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22.12.2005 General News

NTC increases intake of student nurses

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Accra, Dec 22, GNA - The Korle-Bu Nurses Training College (NTC) has increased intake of student nurses for the 2005/2006 academic year to 220 students to help fill up the gap created by the exodus of professional nurses to the developed countries.

The figure, representing an increase of about 59 per cent of its enrolment for previous academic years, was the highest intake since the College was established in 1945.

Mrs Elizabeth Atta-Fynn, Principal of Korle-Bu Nurses Training College, made this known during the matriculation ceremony of the College in Accra on Thursday.

She said the brain drain of nurses had given cause for the training of more professional nurses to take-up the health care delivery in the country, describing this year's intake as "unique to enhancing the health care in the country".

Mrs Atta-Fynn said the recent rise of indiscipline in society had not left the profession untouched, outlining attitudes such as lateness to lectures and to clinical areas, absenteeism, refusal to do assignments and insubordination as some of the acts of indiscipline of students.

She described nursing as a "therapeutic process involving a mutual interaction of the nurse, the client and his family, collaborating for maximum health potential," and not the performance of skills and techniques.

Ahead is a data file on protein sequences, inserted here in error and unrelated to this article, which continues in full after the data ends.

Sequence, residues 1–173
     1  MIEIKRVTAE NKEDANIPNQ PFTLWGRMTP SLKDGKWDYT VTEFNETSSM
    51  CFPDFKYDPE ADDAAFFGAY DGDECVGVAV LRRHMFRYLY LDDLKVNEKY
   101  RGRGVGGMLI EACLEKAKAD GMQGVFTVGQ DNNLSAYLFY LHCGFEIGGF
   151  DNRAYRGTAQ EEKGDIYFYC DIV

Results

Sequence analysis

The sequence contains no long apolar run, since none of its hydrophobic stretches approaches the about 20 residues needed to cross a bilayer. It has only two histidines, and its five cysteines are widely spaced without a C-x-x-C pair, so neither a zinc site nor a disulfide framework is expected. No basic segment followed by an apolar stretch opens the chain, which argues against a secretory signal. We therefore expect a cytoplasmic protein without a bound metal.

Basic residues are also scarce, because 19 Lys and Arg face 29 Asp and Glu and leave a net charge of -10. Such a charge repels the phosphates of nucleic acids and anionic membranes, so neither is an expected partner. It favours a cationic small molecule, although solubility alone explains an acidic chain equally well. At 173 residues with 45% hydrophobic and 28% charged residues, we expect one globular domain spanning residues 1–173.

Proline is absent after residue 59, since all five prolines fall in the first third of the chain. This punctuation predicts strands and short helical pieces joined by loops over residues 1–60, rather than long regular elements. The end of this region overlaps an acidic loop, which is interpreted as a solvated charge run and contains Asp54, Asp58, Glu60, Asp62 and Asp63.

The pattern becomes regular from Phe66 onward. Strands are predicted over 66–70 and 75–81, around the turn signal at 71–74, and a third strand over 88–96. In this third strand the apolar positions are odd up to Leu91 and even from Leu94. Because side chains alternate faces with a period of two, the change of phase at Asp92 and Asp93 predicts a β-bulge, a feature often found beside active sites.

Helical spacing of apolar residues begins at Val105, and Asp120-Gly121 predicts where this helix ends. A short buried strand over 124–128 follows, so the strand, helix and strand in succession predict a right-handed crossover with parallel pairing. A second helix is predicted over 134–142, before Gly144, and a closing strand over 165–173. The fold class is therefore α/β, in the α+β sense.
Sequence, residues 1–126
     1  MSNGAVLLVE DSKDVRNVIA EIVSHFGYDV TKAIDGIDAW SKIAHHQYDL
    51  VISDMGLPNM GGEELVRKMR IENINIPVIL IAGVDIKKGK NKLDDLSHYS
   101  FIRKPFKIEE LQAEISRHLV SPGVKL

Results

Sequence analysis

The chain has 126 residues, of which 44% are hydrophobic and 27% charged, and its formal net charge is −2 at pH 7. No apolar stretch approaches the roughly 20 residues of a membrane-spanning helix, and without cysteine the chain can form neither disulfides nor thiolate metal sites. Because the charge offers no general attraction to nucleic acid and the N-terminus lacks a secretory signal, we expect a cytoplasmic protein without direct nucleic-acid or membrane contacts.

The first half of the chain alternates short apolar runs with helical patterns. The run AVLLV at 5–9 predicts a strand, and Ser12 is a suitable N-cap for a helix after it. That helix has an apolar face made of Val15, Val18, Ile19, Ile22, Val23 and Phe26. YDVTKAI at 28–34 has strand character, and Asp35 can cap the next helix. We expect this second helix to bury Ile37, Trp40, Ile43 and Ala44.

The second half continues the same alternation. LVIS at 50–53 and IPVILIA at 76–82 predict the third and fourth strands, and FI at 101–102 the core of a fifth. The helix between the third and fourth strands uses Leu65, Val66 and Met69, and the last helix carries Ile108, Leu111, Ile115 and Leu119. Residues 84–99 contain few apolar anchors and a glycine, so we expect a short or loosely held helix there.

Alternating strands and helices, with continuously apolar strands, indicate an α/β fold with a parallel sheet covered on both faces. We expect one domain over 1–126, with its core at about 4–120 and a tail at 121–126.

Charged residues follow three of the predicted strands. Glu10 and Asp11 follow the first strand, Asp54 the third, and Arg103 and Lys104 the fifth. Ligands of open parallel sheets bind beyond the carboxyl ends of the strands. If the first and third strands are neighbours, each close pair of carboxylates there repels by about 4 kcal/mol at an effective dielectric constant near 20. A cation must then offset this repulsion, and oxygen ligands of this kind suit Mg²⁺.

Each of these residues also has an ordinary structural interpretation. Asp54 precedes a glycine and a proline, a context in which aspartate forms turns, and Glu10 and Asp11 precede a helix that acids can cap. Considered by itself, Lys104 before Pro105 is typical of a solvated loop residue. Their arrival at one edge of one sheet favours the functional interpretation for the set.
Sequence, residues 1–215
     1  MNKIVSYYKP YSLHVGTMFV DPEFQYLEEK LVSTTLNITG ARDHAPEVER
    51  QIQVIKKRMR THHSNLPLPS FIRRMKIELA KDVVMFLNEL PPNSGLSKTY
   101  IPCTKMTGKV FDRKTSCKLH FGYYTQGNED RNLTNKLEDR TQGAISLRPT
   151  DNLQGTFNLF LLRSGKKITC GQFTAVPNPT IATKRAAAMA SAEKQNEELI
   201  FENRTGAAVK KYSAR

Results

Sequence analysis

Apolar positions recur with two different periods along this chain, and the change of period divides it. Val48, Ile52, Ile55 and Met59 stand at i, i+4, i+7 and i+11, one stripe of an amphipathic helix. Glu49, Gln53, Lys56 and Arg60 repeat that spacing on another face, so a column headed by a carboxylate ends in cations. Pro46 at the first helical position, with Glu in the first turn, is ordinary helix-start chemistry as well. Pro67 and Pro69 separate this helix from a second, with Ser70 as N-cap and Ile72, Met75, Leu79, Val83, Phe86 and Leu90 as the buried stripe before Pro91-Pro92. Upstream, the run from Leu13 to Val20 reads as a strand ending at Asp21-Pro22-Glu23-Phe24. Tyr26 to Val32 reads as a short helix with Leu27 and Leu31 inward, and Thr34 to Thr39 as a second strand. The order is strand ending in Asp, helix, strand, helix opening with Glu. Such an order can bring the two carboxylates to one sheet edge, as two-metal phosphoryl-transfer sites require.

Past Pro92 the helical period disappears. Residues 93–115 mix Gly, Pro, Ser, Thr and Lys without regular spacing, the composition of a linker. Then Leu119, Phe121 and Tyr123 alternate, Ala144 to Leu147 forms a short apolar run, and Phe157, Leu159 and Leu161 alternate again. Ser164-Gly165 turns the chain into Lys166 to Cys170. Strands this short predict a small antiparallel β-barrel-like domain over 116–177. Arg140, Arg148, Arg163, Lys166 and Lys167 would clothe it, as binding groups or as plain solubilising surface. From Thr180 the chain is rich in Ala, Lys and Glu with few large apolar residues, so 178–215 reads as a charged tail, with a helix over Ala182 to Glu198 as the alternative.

She urged students to combine obedience and self-discipline with God fearing, to be able to overcome the numerous challenges and make a difference in their professional career.

"Remember that nursing is challenging and that the thrill of being a nurse does not come from high adventure, but from the privilege of making a difference in someone's life," she said. Mrs Atta-Fynn, however, cautioned that the College would not hesitate to discipline any student, who flouted the rules and code of conduct of the profession and advised students to stay within the defines of the College's regulations.

Dr Yaw Antwi-Boasiako, Director of Human Resource, Ministry of Health (MOH), announced that the Ministry was at the final stages of securing a University Diploma accreditation for the College. He said the Government was doing all it could to enhance the quality of nursing in the country, adding that the current cost of training for each student stood at 72.5 million cedis and, therefore, "students are now made to sign a mandatory bond with the Ministry to serve for a specific period after completion of their programmes before they could be on their own".

He said this was one of the measures by the Government to minimize the brain drain and retain health professionals in the country and should one breach the agreement, a penalty made up of the computation of the refund of the total cost of training at a current interest rate would be required. 22 Dec. 2005.

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